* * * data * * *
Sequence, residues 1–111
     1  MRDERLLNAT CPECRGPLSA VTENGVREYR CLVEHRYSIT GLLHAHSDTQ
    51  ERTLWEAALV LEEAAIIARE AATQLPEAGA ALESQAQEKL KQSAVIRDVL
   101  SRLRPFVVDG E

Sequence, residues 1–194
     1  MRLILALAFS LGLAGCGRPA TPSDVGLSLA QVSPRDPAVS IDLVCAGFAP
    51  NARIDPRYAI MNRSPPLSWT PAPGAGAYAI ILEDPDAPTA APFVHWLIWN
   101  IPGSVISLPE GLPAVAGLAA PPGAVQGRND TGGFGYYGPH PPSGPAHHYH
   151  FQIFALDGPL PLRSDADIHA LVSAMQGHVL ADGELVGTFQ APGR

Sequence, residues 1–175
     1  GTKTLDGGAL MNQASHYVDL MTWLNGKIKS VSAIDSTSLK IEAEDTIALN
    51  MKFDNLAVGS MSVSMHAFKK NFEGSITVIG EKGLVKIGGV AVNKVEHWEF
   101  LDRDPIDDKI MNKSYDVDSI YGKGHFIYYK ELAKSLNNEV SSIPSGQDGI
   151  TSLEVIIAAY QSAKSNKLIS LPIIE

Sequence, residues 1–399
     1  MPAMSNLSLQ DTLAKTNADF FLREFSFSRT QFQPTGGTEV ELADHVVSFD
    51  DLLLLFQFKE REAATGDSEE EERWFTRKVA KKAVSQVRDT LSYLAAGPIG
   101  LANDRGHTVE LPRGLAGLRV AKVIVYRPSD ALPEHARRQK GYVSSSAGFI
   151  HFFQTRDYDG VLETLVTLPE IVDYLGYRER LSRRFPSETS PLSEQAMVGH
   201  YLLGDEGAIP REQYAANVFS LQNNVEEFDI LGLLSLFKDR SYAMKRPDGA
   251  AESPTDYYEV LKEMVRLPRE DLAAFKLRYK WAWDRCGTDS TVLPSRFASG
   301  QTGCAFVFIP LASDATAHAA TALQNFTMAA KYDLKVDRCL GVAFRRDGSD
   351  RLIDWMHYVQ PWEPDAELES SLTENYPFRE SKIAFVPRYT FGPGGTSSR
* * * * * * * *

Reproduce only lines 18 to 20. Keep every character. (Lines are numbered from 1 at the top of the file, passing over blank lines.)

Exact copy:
   101  LANDRGHTVE LPRGLAGLRV AKVIVYRPSD ALPEHARRQK GYVSSSAGFI
   151  HFFQTRDYDG VLETLVTLPE IVDYLGYRER LSRRFPSETS PLSEQAMVGH
   201  YLLGDEGAIP REQYAANVFS LQNNVEEFDI LGLLSLFKDR SYAMKRPDGA